The MSDH also offers a Limited X-Ray Machine Operator (LXMO) permit for limited-scope x-ray technicians. This permit allows the taking of x-rays of designated areas of the body under supervision. To qualify as an LXMO, candidates must complete at least 12 hours of department-approved education in radiography and submit a complete application. Approved applicants will be issued a permit.
Mississippi Radiology Tech Salary and Job Outlook
Projected Job Growth
Radiology Techs in Mississippi from 2020-20305
Radiologic technologist and technician employment in Mississippi is projected to grow by 8.7% through the decade ending in 2030.5 Rad techs have a similar job outlook nationally, with a predicted 8.6% growth rate over the same time period.5 As of 2022, about 2,490 radiologic technologists and technicians were working in the state of Mississippi, earning an average annual income of $51,240, according to the Bureau of Labor Statistics (BLS).6 The BLS reports that, as of 2022, Mississippi had the third-highest concentration of rad techs of any state in the country, with rad techs comprising more than two out of every 1,000 jobs.6 The BLS does not track occupational data for limited-scope x-ray technicians. However, limited-scope technicians typically earn less than licensed radiologic technologists due to the lower educational requirements and work responsibilities. Rad techs can consider employment at one of the state’s many hospitals, including the University of Mississippi Medical Center, Franciscan Missionaries of Our Lady Health System, Forrest General Hospital, and Singing River Health System. Prospective radiology technologists and technicians can also consider seeking employment at one of the state’s radiologic imaging centers, including Jackson Healthcare, Compass Imaging, Madison Imaging, Premier Imaging LLC, and Open MRI.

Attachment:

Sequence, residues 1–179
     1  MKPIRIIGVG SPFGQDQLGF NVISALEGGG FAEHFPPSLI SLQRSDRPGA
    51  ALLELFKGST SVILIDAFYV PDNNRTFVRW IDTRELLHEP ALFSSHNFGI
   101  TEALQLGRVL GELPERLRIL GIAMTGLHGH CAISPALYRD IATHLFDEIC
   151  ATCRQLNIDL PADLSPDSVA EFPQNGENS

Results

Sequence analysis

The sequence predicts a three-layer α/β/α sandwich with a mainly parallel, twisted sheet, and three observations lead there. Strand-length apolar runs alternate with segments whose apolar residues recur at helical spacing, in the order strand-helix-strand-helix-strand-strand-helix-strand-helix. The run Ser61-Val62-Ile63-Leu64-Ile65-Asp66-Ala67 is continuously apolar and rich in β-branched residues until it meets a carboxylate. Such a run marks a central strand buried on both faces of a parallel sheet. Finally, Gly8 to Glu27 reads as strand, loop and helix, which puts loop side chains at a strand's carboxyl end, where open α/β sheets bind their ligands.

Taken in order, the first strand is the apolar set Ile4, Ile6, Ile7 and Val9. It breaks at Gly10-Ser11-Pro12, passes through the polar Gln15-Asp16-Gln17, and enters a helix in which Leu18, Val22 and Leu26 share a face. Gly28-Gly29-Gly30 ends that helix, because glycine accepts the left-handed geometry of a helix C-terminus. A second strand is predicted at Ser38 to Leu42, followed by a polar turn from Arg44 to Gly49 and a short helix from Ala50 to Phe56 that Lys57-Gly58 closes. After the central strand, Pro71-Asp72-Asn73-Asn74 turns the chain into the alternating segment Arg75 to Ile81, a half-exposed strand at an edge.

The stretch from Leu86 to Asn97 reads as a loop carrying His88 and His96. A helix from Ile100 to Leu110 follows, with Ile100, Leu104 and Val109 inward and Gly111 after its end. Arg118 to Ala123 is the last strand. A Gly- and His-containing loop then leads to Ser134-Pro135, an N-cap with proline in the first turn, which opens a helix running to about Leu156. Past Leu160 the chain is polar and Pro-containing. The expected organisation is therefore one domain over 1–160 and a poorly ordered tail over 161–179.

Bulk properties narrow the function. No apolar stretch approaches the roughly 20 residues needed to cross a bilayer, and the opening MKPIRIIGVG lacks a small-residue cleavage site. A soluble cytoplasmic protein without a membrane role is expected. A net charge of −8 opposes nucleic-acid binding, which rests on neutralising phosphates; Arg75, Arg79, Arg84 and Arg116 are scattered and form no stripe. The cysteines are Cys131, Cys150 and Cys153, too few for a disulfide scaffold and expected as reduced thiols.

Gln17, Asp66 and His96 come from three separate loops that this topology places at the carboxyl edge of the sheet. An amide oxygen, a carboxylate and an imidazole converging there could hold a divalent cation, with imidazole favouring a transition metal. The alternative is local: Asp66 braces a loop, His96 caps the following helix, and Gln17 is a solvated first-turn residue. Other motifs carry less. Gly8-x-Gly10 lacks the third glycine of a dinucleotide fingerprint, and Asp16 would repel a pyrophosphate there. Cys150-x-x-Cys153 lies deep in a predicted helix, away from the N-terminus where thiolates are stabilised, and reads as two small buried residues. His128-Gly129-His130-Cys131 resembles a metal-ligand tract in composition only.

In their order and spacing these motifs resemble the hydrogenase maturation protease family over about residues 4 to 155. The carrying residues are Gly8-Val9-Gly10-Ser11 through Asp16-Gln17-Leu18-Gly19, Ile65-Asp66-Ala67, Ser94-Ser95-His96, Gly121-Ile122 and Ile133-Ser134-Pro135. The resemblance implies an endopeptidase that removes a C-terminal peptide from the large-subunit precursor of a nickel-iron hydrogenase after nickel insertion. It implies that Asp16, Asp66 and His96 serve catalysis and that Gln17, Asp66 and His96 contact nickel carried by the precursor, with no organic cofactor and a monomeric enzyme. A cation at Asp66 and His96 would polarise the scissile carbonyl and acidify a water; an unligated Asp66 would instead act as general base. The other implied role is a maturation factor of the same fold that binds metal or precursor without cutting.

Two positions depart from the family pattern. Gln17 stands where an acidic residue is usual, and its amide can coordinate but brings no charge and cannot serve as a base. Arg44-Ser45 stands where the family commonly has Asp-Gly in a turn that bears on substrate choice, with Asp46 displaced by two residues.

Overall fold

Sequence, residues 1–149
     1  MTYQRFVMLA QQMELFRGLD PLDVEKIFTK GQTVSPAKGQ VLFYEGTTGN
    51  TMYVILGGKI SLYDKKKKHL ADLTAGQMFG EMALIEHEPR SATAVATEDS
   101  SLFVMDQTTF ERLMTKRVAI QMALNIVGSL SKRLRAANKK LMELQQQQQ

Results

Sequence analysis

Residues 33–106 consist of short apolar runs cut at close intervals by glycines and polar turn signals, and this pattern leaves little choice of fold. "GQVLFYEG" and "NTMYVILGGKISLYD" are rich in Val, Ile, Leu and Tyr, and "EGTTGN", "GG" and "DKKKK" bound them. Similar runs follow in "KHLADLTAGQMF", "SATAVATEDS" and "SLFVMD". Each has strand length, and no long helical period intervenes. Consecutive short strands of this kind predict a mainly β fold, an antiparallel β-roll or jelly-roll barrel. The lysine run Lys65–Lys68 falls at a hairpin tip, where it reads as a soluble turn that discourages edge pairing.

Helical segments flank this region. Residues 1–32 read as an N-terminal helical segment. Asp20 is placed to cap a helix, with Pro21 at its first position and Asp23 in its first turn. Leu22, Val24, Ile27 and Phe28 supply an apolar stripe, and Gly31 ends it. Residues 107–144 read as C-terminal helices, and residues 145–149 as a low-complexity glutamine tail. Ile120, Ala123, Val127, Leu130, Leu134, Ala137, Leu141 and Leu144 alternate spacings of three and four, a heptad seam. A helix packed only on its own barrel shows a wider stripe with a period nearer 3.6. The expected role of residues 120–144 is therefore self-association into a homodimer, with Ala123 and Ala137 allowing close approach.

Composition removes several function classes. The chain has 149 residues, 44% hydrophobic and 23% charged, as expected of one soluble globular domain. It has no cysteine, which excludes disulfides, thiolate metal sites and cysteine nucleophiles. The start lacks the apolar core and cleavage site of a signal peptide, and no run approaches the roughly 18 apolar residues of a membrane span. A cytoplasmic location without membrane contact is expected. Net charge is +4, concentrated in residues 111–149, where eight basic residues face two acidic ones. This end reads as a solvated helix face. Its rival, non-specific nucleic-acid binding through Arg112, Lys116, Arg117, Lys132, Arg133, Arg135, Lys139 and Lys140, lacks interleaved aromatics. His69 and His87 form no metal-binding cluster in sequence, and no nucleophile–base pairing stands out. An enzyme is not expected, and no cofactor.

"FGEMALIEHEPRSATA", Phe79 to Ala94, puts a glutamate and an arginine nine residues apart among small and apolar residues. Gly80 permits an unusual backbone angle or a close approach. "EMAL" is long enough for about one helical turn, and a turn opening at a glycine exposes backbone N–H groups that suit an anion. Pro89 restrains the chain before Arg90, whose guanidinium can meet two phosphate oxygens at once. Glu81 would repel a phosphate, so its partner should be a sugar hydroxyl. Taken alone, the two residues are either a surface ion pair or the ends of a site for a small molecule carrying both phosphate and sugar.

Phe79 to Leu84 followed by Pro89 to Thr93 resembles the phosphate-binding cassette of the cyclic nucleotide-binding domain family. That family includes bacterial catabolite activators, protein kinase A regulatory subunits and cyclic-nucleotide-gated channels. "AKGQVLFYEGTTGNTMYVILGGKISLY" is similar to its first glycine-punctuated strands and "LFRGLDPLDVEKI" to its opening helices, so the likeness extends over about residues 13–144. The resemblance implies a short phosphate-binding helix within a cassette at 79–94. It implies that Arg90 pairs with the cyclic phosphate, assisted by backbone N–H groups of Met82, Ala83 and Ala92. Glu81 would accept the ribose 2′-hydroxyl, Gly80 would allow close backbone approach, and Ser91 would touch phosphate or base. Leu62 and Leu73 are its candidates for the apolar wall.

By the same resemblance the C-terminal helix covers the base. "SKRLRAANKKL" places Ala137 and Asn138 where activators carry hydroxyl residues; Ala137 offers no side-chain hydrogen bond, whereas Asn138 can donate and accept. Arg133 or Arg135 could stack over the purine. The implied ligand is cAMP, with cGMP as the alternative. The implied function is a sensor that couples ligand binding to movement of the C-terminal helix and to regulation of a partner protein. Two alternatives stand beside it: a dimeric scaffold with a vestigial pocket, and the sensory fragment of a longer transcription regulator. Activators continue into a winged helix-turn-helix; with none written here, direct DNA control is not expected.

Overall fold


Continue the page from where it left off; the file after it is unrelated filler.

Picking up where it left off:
Mississippi Radiologic Technologist Salary by Metro Area
|City||Number Employed7||Average Annual Salary7|
Hinds Community College
608 Hinds Blvd
Raymond, MS 39154
Student Review: “I can truly say that choosing the Radiologic Technology program at Hinds Community College was one of the best decisions that I’ve made. All the instructors in the department take a really hands-on approach and are very concerned about the advancement of each student in the program. The Radiologic Technology department facility offers state-of-the-art equipment that allows students to really get a feel for what it’s like on the job. My favorite part of the program was the opportunity for job placement after completion. Because of its affiliations with many local hospitals in the area, students who take up the Radiologic Technology program are often easily hired after clinicals.” – Student at Hinds Community College
The University of Mississippi Medical Center
2500 N State St
Jackson, MS 39216
Student Review: “At $3,000 per semester the program was the most expensive in the state. The quality of didactic education was excellent, and our class outperformed all other programs in the state in the yearly “prep bowl” competition. I would rate didactic education a full 5 out of 5. Also, all students started to work at the hospital at the end of the first semester. No other program offers this in the State of Mississippi. In theory, this made UMMC students more independent than their peers after graduation. Despite this, clinical education had major room for improvement. Being the state’s only level 1 trauma center, there was no shortage of surgical procedures, but general radiologic procedures were somewhat rare. Fluoroscopy was especially lacking, and there was a lack of personnel who could teach us how to perform fluoroscopy procedures. I graduated with a lack of fluoroscopy skills and I graduated top of my class. I did not master fluoro until after graduation, on the job.” – Student at University of Mississippi Medical Center
1. National Center for Education Statistics College Navigator: https://nces.ed.gov/collegenavigator/
2. Joint Review Committee on Education in Radiologic Technology Program Effectiveness Data: https://www.jrcert.org/program-effectiveness-data/
3. Commission on Accreditation of Allied Health Education Programs: https://www.caahep.org/students/find-an-accredited-program
4. Joint Review Committee on Educational Programs in Nuclear Medicine Technology: https://www.jrcnmt.org/programs/
5. Projections Central Long Term Occupational Projections: https://projectionscentral.org/Projections/LongTerm
6. Bureau of Labor Statistics, Occupational Employment and Wages, Radiologic Technologists and Technicians: https://www.bls.gov/oes/current/oes292034.htm
7. Bureau of Labor Statistics, Metropolitan and Nonmetropolitan Area Occupational Employment and Wage Estimates: https://www.bls.gov/oes/current/oessrcma.htm